Well the religion tour I have so enjoyed with Elisabeth is over, and I’m really glad I asked to come along. I learned a lot, but probably the greatest thing I have taken away is the humanity. Visiting the temple, the synagogue and mosque puts faces to a group of people, and I know next time I hear someone refer to Buddhists, I will picture the white-haired Buddhist priest on his knees in front of an altar, chanting. When I hear “Jews,” I will think of the couple who sat in front of us at the synagogue with their cute little boy sitting between them. And when I think of Muslims, I will think of the mother and daughter I wrote about below, standing in silence, praying.
Most of my beliefs are not in line with those of the Buddhists, Jews and Muslims, but I still respect them and think it can do us all some good to experience different cultures and faiths. I don’t know if a Buddhist, Jew or Muslim has ever visited a church that I’ve been at, but I hope if that ever happens, I will get to share the experience with them.
Here’s story 3 of 3 about our visit to a Muslim mosque:
Hours before visiting a mosque, I watched a YouTube video about how to wrap a hijab on my head. I wrestled with my long, blue shawl and looked more like the Virgin Mary in a nativity scene.
I found the mosque Saturday in a charming residential neighborhood and fixed my makeshift hijab in the car, a little disappointed no one would witness my good hair day. The building was short and long with an adjacent trailer for a library and bookstore. An old basketball court was in the back, a picnic shelter in the front.
When my friend arrived, I was glad I didn’t have to walk in alone. I was self-conscious and didn’t want to stick out, but my attempt to blend in didn’t last long. After removing our shoes, we realized we were in the men’s section. A man politely told us the women’s entrance is in the back. We apologized and put our shoes back on.
In the women’s prayer room, we found a mother and daughter reading the Qur’an, their pocketbooks sitting beside them. It was their first visit to this mosque. They dressed conservatively and I was glad I wore a long skirt and long-sleeved shirt. Muslim women often wear loose-fitted clothing to hide the shape of their bodies. I appreciate the modesty.
Across the room, a sign read: “Please no strollers or car seats in the mussalah,” or place of prayer. Wide, white blinds covered the windows, and a flat screen TV hung above a carpeted space where women usually pray. That afternoon, though, the four of us moved into a partitioned space next door to hear the imam. We peeked between gaps in the partition to see if the men were praying yet. I respect the separation, but for me, one of the best parts of worship is sharing it with my husband.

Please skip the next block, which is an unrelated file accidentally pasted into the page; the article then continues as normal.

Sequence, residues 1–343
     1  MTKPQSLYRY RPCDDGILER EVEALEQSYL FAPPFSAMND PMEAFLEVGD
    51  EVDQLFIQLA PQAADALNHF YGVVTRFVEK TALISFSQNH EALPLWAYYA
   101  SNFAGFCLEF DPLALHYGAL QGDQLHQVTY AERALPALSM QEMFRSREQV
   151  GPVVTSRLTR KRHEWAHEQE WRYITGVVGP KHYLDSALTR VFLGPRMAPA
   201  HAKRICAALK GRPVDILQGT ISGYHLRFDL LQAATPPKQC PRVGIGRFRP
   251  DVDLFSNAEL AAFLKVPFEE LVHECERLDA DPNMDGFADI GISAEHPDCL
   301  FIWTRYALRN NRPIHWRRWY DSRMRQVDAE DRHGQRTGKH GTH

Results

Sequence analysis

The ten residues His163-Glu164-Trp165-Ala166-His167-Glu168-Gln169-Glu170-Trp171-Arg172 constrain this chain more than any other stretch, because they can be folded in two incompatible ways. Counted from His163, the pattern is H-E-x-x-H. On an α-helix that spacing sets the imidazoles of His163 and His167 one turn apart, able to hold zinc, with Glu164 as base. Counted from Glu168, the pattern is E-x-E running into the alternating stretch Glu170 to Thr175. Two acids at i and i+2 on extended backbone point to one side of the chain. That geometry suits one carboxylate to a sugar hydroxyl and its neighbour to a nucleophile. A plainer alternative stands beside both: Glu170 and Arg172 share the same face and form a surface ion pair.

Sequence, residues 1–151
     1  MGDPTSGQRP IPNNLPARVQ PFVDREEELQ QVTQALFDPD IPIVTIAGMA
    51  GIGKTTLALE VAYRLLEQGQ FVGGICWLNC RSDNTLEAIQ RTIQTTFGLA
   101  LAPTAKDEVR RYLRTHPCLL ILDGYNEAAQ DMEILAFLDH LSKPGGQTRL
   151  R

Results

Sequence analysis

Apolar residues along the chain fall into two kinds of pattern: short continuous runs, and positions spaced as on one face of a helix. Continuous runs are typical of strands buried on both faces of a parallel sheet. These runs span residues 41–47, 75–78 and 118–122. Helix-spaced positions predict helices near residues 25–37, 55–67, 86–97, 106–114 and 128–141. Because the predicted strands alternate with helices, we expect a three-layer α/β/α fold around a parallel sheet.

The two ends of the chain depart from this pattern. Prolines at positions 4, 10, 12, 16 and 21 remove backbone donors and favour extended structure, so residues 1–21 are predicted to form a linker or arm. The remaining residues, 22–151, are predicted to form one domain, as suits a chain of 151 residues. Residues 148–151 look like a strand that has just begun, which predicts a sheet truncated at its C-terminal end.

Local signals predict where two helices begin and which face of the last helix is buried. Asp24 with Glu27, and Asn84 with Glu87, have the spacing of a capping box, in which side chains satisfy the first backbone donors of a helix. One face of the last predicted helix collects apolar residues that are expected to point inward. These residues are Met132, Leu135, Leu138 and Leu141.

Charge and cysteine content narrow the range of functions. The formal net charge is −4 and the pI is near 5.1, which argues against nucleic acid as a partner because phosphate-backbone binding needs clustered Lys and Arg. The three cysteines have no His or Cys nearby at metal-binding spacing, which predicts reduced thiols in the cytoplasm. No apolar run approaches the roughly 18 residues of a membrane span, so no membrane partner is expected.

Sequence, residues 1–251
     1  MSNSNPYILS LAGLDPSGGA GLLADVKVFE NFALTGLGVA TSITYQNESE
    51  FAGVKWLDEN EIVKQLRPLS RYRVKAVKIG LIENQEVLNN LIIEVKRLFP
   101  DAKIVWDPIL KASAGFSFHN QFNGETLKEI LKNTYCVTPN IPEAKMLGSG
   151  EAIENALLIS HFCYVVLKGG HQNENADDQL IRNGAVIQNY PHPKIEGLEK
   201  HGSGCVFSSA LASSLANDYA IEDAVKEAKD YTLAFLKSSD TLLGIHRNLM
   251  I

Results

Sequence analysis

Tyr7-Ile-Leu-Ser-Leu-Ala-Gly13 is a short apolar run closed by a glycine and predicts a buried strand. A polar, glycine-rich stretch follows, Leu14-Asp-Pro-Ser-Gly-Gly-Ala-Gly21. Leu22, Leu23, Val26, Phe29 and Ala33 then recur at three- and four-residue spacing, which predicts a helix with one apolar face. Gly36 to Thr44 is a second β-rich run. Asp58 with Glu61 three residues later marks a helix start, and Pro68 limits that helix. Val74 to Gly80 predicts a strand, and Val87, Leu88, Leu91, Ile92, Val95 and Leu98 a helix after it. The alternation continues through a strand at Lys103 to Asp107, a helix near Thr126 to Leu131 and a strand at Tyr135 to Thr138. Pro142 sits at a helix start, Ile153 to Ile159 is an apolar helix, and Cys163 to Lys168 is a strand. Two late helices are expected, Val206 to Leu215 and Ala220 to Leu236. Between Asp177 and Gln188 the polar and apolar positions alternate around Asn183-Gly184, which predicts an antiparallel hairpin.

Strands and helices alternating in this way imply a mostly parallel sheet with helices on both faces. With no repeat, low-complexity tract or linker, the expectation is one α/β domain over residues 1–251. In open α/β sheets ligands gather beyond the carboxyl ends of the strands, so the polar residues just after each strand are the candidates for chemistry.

My friend and I read an English translation of the Qur’an while they prayed. I’ve read the Bible twice and would like to read the whole Qur’an. I’ve read only bits and pieces.
We watched the two women stand, then fall on their knees, then put their heads to the ground, praying. It was quiet besides a muffled imam and a child whining in the next room. I admired their focus and humility as their foreheads touched the floor. It reminded me of church when we take a moment to reflect on our shortcomings and God’s grace. Muslims might also wash exposed parts of their bodies before prayer so they are purified and presentable to Allah. Unlike Christians, they don’t believe in the divinity of Jesus, or the Trinity.
The daughter later showed us a Smartphone app that lists daily prayer times. The five prayers are said before dawn, at noon, in the afternoon, at sunset and in the evening. For each one, Muslims pray the first chapter of the Qur’an – seven verses praising Allah, “the most gracious, the most merciful.” Other prayers are also said. While I enjoy quiet reflection and prayer, I also like singing in church.
The mother, originally from Egypt, patiently answered our questions afterwards. Her family is celebrating Ramadan, the month in which Muslims believe the Qur’an was revealed. They spend sunup to sundown fasting, avoiding food and water, but also practicing self-restraint in other areas — trying to avoid negative thoughts and actions for a complete spiritual cleanse. She said they eat lots of dessert after dark.
Although I get cranky without food, I like the idea of this “extended revival.” Church revivals typically last a week at most, but I wonder what a month would do. We’re all imperfect, and I think it’s impossible for a person of any major religion to walk the walk 24-7.
To break the fast that evening, some Senegalese served a meal, but we left beforehand. On the way out, I noticed a bulletin board with several ads: one to help Syrian refugees, one advertising a house for rent, another about a girls’ youth group learning about the prophets, and one selling Moroccan pastries.